Plant Propagation by Plant Rooting and Cuttings
A common way to grow new plants from existing ones, is by taking cuttings
and rooting them, most often in water. It is generally known as plant "rooting"
or "growing cuttings". Rooting new plants from cuttings is possible on a
wide range of houseplants, bushes and shrubs. For bushes and shrubs, if the
stems are soft wooded, chances are they can be rooted to grow new plants.
The list is long, and includes popular plants like Roses, Lilacs, Pussy Willows,
Rose of Sharon, and many more. I always tell growers when in doubt, give
it a try.
Did You Know? Some plants, like African Violets, work well with leaf
cuttings. The leaf is either placed in water to root, or placed directly
into moist soil. Some leaf cuttings will grow pinned to the surface of the
soil. The new plants will root from the veins where they contact the moist
Rooting new plants is easy. Most plant rootings are done in water. The most
notable exception is roses, which are rooted in moist soil. Here is how most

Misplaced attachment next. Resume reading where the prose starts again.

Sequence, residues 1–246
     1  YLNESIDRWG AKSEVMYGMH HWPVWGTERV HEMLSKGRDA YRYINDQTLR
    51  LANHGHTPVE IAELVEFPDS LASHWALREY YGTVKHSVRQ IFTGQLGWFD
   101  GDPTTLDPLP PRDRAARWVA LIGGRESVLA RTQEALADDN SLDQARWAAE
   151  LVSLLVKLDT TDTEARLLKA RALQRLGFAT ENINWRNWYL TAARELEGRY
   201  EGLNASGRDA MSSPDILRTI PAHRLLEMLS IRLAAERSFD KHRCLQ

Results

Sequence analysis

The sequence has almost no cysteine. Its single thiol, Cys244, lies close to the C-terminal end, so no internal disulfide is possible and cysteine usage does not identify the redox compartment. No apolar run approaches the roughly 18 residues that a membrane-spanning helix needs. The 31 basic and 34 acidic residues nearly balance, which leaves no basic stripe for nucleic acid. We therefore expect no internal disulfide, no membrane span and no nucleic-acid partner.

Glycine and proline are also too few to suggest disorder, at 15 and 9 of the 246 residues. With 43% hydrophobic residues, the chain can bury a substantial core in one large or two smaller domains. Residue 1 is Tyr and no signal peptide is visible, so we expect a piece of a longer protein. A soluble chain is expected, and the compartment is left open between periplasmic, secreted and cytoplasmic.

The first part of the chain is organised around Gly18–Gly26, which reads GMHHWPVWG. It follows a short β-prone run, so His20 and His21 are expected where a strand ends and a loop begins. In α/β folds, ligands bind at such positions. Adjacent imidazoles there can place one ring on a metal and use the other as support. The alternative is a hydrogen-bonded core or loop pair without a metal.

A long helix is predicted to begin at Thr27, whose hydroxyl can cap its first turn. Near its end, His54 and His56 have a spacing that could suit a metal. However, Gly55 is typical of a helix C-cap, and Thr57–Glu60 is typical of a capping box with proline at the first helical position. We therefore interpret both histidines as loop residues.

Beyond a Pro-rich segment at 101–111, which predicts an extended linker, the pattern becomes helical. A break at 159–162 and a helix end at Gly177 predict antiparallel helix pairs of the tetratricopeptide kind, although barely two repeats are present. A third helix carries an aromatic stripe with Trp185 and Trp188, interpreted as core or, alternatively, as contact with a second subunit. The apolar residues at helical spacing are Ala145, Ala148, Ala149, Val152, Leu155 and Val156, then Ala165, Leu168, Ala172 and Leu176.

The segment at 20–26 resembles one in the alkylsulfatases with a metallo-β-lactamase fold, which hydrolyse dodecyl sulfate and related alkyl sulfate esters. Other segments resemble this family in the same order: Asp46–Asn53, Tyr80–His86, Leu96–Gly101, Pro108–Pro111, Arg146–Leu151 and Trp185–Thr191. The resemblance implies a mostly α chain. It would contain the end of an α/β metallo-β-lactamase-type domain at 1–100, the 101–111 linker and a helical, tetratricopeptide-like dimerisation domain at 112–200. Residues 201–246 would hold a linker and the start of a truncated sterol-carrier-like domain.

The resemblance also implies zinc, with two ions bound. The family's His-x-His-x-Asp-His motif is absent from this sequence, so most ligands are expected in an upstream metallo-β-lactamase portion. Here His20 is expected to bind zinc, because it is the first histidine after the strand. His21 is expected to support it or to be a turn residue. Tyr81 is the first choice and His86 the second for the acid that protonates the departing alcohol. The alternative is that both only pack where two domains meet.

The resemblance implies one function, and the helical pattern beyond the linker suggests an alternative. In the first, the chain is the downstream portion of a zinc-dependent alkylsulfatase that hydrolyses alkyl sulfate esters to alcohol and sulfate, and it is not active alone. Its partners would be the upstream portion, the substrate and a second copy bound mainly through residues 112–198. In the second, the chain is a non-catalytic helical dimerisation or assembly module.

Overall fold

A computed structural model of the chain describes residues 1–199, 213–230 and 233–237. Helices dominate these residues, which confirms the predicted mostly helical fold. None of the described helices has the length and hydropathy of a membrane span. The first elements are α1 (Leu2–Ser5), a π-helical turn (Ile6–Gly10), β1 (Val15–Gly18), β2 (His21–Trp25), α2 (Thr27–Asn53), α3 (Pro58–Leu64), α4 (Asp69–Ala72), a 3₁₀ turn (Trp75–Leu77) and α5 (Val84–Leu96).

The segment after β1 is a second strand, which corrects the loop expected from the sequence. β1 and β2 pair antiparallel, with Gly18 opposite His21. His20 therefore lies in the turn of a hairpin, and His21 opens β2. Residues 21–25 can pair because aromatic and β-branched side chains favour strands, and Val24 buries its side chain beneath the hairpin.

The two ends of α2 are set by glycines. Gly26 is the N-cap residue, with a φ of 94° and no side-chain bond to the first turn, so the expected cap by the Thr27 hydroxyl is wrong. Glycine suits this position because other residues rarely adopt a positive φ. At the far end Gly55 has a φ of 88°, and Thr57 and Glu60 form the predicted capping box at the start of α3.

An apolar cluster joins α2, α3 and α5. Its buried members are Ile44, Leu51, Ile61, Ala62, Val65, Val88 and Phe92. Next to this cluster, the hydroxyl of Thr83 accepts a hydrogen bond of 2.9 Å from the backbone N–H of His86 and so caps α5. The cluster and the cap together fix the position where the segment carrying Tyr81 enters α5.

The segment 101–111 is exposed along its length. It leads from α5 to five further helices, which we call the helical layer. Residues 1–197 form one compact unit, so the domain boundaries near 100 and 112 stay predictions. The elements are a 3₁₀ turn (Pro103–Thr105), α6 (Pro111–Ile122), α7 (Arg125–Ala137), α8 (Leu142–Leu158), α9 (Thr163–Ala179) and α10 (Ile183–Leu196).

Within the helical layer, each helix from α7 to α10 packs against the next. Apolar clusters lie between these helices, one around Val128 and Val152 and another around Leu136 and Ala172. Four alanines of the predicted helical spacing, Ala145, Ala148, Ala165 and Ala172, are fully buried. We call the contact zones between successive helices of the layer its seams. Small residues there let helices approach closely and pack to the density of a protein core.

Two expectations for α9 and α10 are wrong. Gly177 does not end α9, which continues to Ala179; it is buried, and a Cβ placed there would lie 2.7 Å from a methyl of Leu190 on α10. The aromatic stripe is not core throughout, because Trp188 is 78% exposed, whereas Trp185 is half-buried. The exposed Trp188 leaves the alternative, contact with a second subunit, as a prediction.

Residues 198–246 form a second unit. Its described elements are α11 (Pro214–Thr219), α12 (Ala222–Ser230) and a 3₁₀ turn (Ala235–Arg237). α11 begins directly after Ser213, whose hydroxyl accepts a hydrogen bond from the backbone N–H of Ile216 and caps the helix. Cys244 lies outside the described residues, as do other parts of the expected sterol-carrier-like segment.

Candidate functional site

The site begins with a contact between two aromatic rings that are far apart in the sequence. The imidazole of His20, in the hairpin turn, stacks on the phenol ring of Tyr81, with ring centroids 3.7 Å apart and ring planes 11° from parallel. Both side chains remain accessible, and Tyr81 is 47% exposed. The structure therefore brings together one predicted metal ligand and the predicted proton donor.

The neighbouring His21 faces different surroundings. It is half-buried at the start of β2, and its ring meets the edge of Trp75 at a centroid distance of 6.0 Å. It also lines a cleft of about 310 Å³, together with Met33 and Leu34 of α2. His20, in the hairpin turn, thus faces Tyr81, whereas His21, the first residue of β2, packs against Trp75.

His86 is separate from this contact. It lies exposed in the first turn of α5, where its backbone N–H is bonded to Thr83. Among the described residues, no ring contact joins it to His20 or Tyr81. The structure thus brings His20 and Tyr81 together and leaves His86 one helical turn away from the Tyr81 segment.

plants are rooted:
Select new, young sections of stems that are growing well.
Do not select old wood, unhealthy stems, or stems with flowers on them.
Cut the end section of the stem off with a clean pair of shears or
Remove leaves at the bottom of the stem that might be under water.
Immediately (and quickly) place the stems in water. An inch or two of water
is all that most plants will need.
Watch the water level to assure it doesn't dry up. Add water as needed.
After the cuttings have developed some roots, transplant them into their
new home in an indoor container, or outdoors in the garden or yard.
Note: Garden stores carry rooting compound. It aids root growth and development.
It is useful with older plants, and hard to root plants.
Did you know? Propagation by cuttings in a sense is "cloning". It
results in a genetic match with one mother (or donor) plant.
Seaweed fertilizer is beneficial for your young plants. It helps to promote
a healthy root system. More
on Seaweed fertilizer.
Root separation, or division of roots, is a similar, yet different
way to propagate plants. This is commonly practiced with perennial flower
plants. Many perennial flowers spread by it's root system. They get over
crowded, and need thinning from time to time. Often, a friend seeds
the perennials expresses interest in some of the beautiful plants eager
to oblige a friend, gardeners will dig up and separate the roots, then replant
them, or give them to their friends.
(rooting) Giant pumpkins to propagate "giant" genetics
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